Marketing emails have come a long way.
What started out as simple email blasts are now AI-powered, fully automated, interactive conversations – otherwise known as “Conversational Email.”
Let’s talk about why conversational emails are necessary before we get into what they are.
Buyers prefer conversations
Today, buyers prefer 1:1 communications (always have!).
They expect to be treated as a person, not a lead. So it’s important to talk to your leads not at them.
What does this mean? It means your emails must be authentic, personalized and relevant. In fact, 75% of business buyers expect personalized offers and 70% consider a personalized experience to be crucial. Even more important, 65% will switch brands if they don’t get personalized communications.
Buyers prefer immediacy
Pace is important to a conversation.
If you can’t respond fast enough, the buyer loses interest. Convince and Convert found that 64% of consumers and 80% of business buyers expect real-time responses. This trend is forcing companies to adopt new conversational technologies like…
Conversational marketing platforms
We’ve already started with conversational marketing, but chatbots are just the beginning.
Chatbots work well at accelerating the lead conversion process, but they’re incomplete without email since the chatbot is just the beginning of the buyer’s journey.
Most business is done by email so this has to be the medium you use to converse with leads. But how do you have email conversations at scale?
Up until now it’s been impossible. Marketing automation is one-way and can’t do anything when a lead replies to an email. You can hire SDRs, but that’ll never scale enough (and would be really expensive).
Luckily, artificial intelligence (AI) makes it possible to combine the scale of marketing automation with the conversational emails an SDR sends.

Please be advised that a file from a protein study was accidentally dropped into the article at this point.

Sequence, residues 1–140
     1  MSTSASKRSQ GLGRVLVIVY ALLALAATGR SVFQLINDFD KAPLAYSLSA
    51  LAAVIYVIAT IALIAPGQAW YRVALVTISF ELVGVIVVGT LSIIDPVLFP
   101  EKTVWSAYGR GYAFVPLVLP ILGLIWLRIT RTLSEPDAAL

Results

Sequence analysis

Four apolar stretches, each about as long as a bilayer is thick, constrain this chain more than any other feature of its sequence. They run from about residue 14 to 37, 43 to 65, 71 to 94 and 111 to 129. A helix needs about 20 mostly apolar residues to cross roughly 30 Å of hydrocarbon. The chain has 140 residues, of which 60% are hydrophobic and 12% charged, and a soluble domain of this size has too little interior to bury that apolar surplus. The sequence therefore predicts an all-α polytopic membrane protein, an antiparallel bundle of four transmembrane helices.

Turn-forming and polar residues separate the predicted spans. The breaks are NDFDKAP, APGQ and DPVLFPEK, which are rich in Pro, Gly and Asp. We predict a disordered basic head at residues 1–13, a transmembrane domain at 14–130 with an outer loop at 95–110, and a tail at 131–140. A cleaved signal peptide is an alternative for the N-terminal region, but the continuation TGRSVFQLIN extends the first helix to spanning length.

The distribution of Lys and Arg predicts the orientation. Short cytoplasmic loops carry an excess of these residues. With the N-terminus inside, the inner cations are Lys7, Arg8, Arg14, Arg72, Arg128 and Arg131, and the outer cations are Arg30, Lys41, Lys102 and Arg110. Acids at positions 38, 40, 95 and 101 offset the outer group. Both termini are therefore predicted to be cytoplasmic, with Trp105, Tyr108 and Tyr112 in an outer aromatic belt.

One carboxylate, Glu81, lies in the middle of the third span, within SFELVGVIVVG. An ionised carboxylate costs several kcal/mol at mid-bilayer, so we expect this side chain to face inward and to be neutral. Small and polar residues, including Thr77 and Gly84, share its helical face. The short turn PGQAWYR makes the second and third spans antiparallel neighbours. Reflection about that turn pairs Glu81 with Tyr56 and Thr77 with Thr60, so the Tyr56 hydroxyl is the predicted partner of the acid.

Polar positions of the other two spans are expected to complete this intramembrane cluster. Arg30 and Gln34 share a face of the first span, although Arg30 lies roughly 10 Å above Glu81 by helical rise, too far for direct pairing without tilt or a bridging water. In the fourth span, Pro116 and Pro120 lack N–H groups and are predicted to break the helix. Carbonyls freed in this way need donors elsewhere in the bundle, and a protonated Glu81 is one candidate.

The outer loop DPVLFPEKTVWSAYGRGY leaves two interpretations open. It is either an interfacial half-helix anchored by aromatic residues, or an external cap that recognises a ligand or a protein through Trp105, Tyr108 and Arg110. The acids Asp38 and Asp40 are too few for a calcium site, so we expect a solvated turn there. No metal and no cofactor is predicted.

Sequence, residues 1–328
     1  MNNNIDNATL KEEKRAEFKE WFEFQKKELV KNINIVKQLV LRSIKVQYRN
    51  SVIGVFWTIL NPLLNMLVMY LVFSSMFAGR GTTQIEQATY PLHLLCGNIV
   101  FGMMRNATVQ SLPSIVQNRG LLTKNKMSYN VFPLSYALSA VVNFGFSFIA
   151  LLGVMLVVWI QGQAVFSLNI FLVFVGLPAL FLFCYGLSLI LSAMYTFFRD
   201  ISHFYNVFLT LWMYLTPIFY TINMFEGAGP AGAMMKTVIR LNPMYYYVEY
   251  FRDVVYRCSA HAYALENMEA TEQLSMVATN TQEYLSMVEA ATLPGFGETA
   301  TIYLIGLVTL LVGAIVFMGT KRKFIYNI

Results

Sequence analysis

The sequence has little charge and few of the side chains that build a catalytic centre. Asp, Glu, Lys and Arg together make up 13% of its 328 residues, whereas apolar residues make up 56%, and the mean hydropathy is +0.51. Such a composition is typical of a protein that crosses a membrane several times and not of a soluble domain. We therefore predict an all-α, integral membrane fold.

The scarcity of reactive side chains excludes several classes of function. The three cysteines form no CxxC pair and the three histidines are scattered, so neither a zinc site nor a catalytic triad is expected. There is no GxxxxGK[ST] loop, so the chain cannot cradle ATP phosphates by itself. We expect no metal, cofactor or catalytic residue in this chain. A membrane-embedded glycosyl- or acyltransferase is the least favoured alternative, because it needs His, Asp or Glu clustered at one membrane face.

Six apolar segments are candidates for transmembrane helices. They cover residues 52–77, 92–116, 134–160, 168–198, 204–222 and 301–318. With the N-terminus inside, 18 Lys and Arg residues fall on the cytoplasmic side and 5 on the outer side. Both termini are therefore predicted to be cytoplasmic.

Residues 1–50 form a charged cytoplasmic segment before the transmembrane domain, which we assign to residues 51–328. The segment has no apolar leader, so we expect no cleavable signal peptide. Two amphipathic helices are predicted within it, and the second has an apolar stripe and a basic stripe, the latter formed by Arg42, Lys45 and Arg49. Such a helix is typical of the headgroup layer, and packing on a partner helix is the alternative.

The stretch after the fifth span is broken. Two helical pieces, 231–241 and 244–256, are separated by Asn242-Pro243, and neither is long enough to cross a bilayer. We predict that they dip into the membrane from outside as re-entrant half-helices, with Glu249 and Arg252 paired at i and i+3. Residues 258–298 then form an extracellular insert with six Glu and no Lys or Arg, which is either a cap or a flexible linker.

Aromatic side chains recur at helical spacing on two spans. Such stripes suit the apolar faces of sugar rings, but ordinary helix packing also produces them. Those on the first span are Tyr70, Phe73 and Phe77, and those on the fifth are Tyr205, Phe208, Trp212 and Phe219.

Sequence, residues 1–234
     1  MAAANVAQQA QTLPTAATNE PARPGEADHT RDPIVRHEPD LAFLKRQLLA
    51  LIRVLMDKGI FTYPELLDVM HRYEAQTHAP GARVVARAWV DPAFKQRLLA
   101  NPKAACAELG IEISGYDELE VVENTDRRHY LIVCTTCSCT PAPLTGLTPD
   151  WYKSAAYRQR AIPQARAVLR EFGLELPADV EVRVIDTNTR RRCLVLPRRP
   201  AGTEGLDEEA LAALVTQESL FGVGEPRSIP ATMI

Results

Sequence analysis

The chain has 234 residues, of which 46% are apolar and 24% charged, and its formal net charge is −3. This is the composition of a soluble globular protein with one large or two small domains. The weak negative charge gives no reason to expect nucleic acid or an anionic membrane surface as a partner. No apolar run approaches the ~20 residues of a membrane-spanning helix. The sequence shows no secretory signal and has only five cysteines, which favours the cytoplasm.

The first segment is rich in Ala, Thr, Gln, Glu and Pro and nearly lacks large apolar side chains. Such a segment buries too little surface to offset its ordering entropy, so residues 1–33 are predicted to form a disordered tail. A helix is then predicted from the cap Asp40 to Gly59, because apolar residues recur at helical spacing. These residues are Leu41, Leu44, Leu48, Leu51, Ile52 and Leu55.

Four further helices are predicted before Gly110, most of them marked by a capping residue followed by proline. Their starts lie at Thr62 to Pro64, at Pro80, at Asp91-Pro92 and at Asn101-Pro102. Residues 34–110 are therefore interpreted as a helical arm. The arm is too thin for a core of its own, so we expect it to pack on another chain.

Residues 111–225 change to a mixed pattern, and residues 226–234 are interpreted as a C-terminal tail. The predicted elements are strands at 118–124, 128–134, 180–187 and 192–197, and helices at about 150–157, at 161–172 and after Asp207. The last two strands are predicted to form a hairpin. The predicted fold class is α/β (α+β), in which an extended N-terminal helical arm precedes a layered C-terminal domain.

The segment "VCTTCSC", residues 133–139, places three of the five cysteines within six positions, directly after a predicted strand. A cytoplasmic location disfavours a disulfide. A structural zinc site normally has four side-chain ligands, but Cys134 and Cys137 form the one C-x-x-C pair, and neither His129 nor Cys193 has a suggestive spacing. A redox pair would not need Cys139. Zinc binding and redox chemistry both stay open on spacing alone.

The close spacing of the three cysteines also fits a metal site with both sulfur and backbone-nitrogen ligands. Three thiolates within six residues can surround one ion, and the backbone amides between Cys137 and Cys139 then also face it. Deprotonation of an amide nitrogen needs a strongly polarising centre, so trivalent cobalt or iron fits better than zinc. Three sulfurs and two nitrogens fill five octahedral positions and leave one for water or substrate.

Platforms like Exceed have made it possible to automate 2-way conversations with leads. Conversational email platforms can understand a lead’s reply and then respond accordingly because they use AI.
This makes it possible to give lead’s a much more personalized experience. It’s also an immediate experience since there’s no waiting for a sales rep to reply.
How to write emails that start a conversation
Here’s what I’ve learned so far:
- Keep in mind that you’re writing to a person – personalize, be natural, be authentic
- Your leads only care about one thing: what’s in it for them
- Write in the first person, “I” not “we”
- This is not a marketing email – don’t make it fancy or use marketing jargon (violates lesson #1). Keep your email plain text and to the point.
Pay close attention to #4. I can’t tell you how many great marketers treat conversational email copy as if it were marketing email copy – too much text, not personal, too well designed (ie not authentic) and too long.
Your SDRs and sales reps have been writing conversational emails for years, learn what works for them.
Years ago at a previous company, I took my first steps into outbound email. I found a good outbound drip email platform and requested a demo.